When financial markets behave unpredictably, investors tend to flock to products that offer predictability. So it’s no surprise that amid all the recent financial upheaval, interest in traditional fixed annuities appears to be surging.

Fixed annuities are largely overlooked–and in many cases, consciously avoided–in bull markets, especially when interest rates are low and the yield curve unfavorable. But with their ability to protect principal while providing guaranteed income and modest but positive returns, they suddenly look pretty appealing to the investing public when equity market performance heads south. While the returns they provide are hardly spectacular in today’s low-interest-rate environment, fixed annuities are making believers of investors who, prior to the recent financial crisis, scoffed at anything offering guaranteed returns as “low” as 4 or 5 percent. Funny how quickly a person’s perspective can change after watching the value of his or her investments shrink significantly in a matter of a few days.

“Just last week I had a conversation with one of my clients, the CFO of a Fortune 500 company,” recounts John Freiburger, CLU, ChFC, CFP, principal and founder of Partners Wealth Management, a financial advisory firm based in Naperville, Ill. “This is a guy who’s worth over $10 million, someone who never wanted to talk about insurance products–who said he despises insurance companies. Well, he walked into my office and guess what he wants to talk about? A fixed annuity. It’s amazing how quickly sentiments can change.”

The latest flight to fixed annuities actually began well before the financial crisis came to a head this fall. Sales of traditional fixed interest annuities (including book value and market value adjustment contracts) hit $15.6 billion in the second quarter of 2008, nearly doubling the $7.9 billion sales figure from the same period in 2007, according to figures published by Evanston, Ill.-based Beacon Research in its Fixed Annuity Premium Study for the second quarter of 2008 (third quarter figures were still being compiled at press time). Buoyed by general market turmoil and an increasingly favorable yield spread relative to CDs, overall sales of fixed annuities (including fixed-index and immediate contracts as well as book value and MVA products) rose to $24.6 billion in 2Q08, an increase of 54 percent from the second quarter of 2007 and 30 percent from the previous quarter of 2008–and the highest level reported by Beacon Research since it began tracking the fixed annuity market in 2003. On a year-to-date basis, total fixed annuity sales for the first half of 2008 were up 47 percent from the same period in 2007. Beacon’s estimates are based on data provided by 50 insurance companies representing 87 percent of the U.S. fixed annuity market.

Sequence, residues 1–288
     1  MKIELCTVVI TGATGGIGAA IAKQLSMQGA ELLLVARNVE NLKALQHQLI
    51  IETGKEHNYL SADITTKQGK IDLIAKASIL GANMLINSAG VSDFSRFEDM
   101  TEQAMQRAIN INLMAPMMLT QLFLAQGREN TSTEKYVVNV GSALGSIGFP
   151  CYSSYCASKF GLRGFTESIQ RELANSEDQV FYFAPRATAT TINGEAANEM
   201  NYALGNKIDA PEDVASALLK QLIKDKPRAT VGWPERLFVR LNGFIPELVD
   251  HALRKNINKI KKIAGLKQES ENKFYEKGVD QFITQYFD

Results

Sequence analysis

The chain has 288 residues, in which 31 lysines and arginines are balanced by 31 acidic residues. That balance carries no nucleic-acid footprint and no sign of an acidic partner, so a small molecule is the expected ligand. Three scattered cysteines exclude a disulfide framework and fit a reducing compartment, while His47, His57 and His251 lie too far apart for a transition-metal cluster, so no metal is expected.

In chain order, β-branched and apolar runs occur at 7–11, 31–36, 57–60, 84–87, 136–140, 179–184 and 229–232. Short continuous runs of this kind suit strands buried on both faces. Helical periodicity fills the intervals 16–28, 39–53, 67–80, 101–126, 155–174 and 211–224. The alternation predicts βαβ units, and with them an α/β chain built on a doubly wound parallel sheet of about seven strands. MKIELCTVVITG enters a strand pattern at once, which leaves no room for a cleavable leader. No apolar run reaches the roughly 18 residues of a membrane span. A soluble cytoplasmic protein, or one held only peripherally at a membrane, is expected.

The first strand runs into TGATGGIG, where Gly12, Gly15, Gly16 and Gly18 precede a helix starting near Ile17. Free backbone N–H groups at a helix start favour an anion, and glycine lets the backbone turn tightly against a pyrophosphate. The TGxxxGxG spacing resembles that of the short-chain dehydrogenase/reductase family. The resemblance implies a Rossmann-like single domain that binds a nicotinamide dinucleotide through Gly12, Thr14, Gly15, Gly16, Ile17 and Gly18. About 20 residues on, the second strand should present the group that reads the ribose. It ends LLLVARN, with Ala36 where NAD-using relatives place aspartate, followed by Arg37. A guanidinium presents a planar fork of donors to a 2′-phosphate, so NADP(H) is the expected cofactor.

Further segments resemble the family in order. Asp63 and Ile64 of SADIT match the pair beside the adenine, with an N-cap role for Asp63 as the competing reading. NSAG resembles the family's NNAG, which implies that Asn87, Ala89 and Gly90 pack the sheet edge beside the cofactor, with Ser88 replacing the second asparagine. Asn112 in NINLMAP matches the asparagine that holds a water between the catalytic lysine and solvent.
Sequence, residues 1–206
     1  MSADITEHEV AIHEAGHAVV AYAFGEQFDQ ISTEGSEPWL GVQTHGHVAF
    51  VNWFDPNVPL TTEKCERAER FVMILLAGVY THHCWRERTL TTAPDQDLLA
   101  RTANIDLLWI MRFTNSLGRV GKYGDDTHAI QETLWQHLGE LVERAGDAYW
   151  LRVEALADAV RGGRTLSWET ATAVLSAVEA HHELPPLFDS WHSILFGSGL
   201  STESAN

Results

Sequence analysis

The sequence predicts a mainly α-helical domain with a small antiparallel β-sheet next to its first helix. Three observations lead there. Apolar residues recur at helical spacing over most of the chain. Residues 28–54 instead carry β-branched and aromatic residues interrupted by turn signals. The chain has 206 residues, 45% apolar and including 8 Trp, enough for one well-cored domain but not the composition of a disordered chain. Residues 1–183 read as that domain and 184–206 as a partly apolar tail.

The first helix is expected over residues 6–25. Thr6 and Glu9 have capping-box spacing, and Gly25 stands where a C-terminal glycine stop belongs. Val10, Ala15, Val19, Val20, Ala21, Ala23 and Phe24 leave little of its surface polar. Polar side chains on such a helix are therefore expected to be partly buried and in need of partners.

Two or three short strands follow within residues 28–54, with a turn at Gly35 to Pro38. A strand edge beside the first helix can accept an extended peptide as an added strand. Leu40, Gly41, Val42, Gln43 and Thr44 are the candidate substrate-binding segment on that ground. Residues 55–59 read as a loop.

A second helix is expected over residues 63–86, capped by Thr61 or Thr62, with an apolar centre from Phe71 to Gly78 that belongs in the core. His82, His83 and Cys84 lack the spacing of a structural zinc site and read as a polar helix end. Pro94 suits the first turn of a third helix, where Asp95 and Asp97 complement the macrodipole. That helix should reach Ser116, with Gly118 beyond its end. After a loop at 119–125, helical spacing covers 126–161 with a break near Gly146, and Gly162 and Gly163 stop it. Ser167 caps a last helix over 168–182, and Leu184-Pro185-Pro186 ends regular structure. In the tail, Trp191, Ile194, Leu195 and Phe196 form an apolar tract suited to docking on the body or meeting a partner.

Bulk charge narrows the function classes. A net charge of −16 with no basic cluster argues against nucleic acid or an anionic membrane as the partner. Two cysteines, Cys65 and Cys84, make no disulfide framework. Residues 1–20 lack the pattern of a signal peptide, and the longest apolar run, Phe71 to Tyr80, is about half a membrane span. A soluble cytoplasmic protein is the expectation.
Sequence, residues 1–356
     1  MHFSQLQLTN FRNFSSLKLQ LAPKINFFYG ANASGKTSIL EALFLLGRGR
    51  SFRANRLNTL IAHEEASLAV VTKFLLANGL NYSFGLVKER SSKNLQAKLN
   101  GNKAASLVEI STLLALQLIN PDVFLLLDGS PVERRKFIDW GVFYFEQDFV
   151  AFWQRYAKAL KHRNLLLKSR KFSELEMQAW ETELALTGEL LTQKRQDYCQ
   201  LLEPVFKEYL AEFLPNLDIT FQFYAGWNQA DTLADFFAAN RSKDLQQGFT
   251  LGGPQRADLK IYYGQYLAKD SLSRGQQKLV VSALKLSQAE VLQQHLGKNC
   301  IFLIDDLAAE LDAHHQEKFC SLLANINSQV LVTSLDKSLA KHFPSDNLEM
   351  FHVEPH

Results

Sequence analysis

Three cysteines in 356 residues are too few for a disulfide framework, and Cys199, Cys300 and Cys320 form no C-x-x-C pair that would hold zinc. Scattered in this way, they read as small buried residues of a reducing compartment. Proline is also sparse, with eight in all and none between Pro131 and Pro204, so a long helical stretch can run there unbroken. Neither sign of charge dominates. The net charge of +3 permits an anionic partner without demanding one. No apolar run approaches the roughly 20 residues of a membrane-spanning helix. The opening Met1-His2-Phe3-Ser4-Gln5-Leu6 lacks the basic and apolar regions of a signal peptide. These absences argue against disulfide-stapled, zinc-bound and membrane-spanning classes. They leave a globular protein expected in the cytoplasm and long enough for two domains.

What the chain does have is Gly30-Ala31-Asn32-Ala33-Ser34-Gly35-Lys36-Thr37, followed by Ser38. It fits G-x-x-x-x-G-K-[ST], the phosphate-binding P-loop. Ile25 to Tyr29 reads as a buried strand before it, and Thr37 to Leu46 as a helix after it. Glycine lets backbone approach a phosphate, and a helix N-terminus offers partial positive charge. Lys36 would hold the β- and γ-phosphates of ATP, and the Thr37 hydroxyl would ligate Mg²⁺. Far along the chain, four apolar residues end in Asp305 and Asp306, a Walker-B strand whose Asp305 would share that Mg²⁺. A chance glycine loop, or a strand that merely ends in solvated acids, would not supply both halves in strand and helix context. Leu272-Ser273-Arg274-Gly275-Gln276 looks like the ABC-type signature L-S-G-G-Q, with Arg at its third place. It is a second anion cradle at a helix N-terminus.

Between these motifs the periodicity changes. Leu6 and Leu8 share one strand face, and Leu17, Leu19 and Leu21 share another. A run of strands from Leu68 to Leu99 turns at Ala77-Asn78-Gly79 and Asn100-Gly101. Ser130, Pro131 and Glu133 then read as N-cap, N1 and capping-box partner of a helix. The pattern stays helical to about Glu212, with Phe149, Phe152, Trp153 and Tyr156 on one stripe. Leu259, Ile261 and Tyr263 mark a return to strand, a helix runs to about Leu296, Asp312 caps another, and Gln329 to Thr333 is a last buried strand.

The lesson for advisors to take from the recent market meltdown, at least as far as fixed annuities are concerned, is not to wait for a crisis to talk with clients about conservative, relatively simple fixed-return products, because these instruments are suitable for a wide range of investors, regardless of prevailing market conditions. Advisors such as Freiburger and Samuel Gott, CFP, ChFC, CLU, a registered investment advisor based in San Antonio, Texas, say they were just as inclined to suggest fixed annuities to clients before the financial crisis as they are to suggest them now. “I haven’t changed my tactics,” says Freiburger.